Welcome to the third installment of Artists Talking to Artists! Once again Monkeyhouse's Nikki Sao Pedro Welch will be asking the questions, this time to Luminarium choreographer Merli Guerra.
NSPW: I saw on your bio that you have training in classical Odissi technique. Can you explain this dance form?
MG: Great question. Frequently, when I mention my Classical Indian Dance background, I hear "Ohhh, like Bhangra or Bollywood!" It's a perfectly reasonable connection, but Classical Indian Dance forms such as Odissi are actually rooted in traditional Indian temple dances, and take many years to master. I often ask people if they're familiar with images of the figures carved into the pillars and entrances of Hindu temples for reference. Many of the same positions and mudras I practice through Odissi can be seen in these very statues...it's beautiful to see in person! Here in Boston, Bharatanatyam seems to be a much more practiced style than Odissi, which I've studied and performed with Nataraj Dancers in Western Mass under Guru Ranjanaa Devi. Now, whether intentional or not, I find that most of my work has a much greater focus on gestures, facial expressions, and the hands. It's hard not to incorporate it into my modern dance, after breathing it all those years!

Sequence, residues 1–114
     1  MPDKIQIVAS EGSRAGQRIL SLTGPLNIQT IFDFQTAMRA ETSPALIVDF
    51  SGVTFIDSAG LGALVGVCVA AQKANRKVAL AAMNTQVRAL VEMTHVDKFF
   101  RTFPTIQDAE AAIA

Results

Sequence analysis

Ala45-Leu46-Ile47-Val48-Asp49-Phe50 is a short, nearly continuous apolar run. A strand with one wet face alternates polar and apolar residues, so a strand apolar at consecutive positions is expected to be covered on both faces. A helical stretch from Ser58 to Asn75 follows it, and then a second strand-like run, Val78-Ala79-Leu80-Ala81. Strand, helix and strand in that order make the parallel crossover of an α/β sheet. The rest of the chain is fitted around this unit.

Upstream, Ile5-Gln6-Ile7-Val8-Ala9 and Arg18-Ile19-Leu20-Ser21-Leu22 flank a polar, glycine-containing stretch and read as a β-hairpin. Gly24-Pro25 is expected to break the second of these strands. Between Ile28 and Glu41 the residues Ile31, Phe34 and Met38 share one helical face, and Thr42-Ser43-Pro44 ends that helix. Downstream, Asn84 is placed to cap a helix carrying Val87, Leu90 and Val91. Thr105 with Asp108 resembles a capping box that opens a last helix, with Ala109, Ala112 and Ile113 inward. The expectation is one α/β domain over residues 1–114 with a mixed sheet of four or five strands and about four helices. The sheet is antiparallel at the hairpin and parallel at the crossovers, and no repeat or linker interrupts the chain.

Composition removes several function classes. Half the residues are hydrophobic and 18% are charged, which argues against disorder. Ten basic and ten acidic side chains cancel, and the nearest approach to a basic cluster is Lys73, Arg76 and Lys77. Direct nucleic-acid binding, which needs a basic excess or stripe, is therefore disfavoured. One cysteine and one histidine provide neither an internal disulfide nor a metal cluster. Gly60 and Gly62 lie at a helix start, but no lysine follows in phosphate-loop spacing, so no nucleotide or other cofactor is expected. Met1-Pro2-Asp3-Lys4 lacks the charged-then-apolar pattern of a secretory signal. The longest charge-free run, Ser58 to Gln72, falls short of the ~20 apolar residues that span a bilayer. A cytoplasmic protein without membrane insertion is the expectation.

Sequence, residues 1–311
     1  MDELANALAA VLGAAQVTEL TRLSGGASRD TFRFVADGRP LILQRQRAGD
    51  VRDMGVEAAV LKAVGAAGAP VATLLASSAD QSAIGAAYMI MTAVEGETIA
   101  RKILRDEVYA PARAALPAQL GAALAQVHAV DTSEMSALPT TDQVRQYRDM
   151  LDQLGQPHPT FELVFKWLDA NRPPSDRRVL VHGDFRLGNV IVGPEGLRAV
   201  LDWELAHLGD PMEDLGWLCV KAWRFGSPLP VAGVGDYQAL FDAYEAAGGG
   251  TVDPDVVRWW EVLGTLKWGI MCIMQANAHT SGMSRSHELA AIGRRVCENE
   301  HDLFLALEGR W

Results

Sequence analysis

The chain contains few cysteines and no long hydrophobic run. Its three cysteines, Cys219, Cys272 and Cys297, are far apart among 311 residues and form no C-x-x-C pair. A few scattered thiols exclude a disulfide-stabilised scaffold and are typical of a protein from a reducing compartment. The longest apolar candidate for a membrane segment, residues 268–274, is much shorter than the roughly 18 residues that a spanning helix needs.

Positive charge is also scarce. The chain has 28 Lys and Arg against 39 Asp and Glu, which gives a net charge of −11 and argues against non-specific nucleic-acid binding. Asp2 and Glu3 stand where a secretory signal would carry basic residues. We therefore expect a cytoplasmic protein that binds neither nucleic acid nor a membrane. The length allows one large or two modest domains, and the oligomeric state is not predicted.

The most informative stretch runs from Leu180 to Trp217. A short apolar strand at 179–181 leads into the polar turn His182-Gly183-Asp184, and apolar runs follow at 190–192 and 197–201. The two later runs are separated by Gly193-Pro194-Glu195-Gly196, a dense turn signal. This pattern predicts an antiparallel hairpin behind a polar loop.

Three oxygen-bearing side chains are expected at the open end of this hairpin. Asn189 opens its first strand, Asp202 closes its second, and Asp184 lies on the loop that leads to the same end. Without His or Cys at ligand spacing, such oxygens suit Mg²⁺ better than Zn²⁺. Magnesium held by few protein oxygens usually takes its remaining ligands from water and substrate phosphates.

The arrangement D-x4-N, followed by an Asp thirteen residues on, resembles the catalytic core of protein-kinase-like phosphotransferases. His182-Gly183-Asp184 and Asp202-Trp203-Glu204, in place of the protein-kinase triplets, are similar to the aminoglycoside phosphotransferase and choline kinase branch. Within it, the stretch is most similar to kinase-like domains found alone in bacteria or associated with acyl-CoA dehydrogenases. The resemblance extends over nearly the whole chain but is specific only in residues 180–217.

NSPW: I also noticed that you toured India in 2012 with Deborah Abel Dance Company. Can you tell us about this experience?
MG: Well, now, that's a question I've been grappling with ever since coming home! I anticipated this tour for over a year, and could not believe my luck in falling into it. I had toured India in 2007 to study Indian dance, and was dying to go back. Luckily for me, one of the leads dropped out of Deborah's production, prompting her to ask a friend of mine if he knew of a dancer in the area who "had an interest in Indian culture, was small and good at lifts, and preferably had long dark hair." Best typecasting that ever happened to me, and returning to India was as excellent as it was the first time.
I will say that performing in India (rather than other countries I've performed in) was quite the experience. From live wires dangling backstage to working with a crew that didn't speak English, it was a strange reality to feel both at home and foreign in these Western-style theaters. One minute we'd be given delicious meals in a luxury hotel, compliments of the Government; the next we'd be chatting with dusty children living on the streets. There was beauty and chaos in every moment, and each audience differed from one to the next. I don't believe I've ever performed for an audience as verbally enthusiastic as the one we received in Jaipur. Their constant chatting, shouting, and impromptu applauding distracted many members of our group (understandably!), but I have truly never before felt so much energy from a crowd--it fueled me throughout the night, and was (for me) the single best performance of the tour.
And, as always, I am dying to go back to India again.
NSPW: I also saw on your bio that you are a filmmaker and use film with dance. Can you give us some information on any new projects that are in the works involving dance and film?